Miller Creek, in one of the wider sections that features a trout (as in the fish) canal in the middle of the drain. Even though it is underground, the fish are able to visit their breeding ponds upstream by swimming through the specially designed tunnel.
Peeling paint reveals the room numbers of the past.
The right passageway is a carved staircase that winds upward to an old entrance. The left portal is one of the bigger and well-carved rooms… I would guess it’s part of the original caves.
Chutes from a hundred machines interconnect to more machines and chutes on a dozen factory floors.
Island Station, in the middle of the power house, in the middle of a thunder storm. Flapping pipe covers and sheets of ran penetrating one massive arched window and blasting through the other, as winds power through the building from the Mississippi. The sound of the thunder made every length of steel squeak under the pressure.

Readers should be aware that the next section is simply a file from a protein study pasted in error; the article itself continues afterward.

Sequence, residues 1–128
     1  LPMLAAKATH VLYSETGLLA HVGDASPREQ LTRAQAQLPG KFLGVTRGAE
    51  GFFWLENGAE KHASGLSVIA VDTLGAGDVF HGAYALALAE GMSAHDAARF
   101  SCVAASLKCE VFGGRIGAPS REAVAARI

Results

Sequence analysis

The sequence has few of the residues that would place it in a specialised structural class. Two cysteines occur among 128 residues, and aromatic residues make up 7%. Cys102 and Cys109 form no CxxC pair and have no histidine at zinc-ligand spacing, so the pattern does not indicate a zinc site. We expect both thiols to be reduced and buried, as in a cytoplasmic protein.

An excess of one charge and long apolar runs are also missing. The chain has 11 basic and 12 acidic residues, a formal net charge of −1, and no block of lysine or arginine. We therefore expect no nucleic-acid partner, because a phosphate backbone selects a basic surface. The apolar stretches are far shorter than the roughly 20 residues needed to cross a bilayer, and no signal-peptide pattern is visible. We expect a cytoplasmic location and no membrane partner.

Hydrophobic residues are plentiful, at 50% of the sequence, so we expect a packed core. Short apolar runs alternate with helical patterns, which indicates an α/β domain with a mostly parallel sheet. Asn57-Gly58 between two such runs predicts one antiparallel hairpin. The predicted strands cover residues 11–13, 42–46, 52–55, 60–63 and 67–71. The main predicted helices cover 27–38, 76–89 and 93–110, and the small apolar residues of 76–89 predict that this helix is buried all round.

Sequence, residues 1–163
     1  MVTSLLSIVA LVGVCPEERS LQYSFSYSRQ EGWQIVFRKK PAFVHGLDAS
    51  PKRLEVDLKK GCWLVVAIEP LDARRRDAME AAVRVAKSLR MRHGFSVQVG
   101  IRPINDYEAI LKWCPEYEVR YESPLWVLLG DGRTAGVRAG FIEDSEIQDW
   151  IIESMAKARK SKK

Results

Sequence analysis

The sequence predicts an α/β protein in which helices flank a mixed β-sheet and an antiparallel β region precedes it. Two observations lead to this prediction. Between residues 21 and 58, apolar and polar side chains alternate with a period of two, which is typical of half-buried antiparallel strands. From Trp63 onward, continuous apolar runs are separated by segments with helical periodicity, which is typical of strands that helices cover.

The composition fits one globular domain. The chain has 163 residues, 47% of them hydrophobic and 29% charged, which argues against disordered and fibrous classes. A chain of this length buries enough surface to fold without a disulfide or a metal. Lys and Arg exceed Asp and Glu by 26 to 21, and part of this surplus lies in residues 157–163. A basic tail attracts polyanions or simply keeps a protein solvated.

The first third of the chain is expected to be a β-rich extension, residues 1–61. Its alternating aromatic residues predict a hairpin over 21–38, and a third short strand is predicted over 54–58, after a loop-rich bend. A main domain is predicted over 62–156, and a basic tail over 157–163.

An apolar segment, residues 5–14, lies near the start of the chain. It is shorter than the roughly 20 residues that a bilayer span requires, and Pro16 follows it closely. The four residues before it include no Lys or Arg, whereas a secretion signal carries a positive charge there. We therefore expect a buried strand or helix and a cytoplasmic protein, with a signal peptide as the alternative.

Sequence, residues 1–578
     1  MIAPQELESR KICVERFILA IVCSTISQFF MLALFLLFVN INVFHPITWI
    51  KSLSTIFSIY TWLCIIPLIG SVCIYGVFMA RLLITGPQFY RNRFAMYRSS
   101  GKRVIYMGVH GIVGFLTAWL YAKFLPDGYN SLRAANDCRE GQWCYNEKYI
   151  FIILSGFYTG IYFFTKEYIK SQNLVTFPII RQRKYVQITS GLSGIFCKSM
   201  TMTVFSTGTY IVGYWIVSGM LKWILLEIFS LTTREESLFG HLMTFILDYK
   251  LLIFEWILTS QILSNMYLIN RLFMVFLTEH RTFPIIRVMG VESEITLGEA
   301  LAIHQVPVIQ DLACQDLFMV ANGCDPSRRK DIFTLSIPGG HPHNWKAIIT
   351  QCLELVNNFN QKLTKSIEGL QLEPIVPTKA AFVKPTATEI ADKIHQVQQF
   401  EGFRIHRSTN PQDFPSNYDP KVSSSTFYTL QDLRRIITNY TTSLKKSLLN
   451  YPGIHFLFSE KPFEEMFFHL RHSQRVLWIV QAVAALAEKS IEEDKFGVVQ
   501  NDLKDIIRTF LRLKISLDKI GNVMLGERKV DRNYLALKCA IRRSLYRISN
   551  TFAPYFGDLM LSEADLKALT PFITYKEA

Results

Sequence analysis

In the upper left of the image you can see where the gas tanks used to be, along with the concentration equipment. Along the bottom you can also see some of the many railroad tracks coming and going from the plant–the ones visible here were incoming tracks that carried in hard coal from the eastern US.
Inside the circa-1906 Gustavson House of Animas Forks. I love the texture of the walls in all of the buildings inside of the old miner’s houses.
Mill Hell before the University of Minnesota began developing the area. Now many of the buildings are gone, there are new roads and even bike paths.
In most places, it may seem off for there to be a tunnel door on the top floor of a building, but Ford was that kind of place. This door from the steam plant led into a skyway and tunnel that connected to the main assembly floor.